Kolkata: The critically endangered Forest Owlet, which was till now considered to be endemic to the Satpuda mountain ranges in central India, has now been spotted in Western Ghats by naturalists.
The elusive bird was recently spotted in Tansa Wildlife Sanctuary in Palghar District of Maharashtra by naturalist Sunil Laad, officials of the Bombay Natural History Society (BNHS) said.
"I am extremely delighted to know about the discovery of this extremely rare bird so close to Mumbai. I hope the authorities will take proper steps to protect the Forest Owlet in Tansa," BNHS director Dr Asad Rahmani said.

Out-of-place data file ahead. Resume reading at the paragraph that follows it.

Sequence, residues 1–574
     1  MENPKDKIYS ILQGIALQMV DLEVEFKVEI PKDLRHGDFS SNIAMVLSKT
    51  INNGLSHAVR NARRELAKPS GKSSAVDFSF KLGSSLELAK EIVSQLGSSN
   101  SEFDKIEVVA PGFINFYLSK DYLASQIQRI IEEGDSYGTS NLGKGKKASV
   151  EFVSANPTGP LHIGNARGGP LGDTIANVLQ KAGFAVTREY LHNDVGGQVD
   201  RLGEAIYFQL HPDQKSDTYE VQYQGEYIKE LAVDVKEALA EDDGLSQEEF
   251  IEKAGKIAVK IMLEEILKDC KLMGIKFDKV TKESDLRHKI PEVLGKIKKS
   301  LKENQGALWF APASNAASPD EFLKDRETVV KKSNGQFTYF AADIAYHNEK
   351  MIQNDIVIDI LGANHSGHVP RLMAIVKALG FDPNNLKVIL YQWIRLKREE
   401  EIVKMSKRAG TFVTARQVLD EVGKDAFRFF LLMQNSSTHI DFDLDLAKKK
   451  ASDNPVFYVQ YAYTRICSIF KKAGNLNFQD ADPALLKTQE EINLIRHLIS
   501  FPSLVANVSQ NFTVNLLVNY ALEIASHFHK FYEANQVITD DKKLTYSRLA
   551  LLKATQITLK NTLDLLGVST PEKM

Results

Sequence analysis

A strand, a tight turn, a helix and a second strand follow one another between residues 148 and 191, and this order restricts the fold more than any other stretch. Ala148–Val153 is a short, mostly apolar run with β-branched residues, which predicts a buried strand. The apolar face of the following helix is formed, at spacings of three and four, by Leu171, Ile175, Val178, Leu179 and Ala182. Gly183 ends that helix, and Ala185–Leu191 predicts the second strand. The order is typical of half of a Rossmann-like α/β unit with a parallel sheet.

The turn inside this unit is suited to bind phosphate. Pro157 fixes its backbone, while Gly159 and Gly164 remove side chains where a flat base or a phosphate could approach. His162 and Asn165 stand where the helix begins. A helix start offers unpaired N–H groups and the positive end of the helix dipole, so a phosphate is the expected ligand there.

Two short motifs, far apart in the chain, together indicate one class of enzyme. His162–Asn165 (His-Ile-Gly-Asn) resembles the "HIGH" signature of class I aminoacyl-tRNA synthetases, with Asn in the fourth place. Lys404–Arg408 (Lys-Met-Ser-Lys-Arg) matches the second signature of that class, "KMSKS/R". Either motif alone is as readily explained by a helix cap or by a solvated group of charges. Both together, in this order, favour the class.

For nearly 113 years, forest owlet was considered to be extinct, until researchers rediscovered it in 1997 in Toranmal Reserve Forest in the Satpuda ranges.
Ornithologist Girish Jathar said this species was for long known to be endemic to Satpuda ranges and has now been recorded in northern Western Ghats.
Since the bird has been found significantly outside (250 km southwards) its earlier known range, reassessment of its earlier known distribution range is necessary, he said.
It is a critically endangered bird according to IUCN's Red List.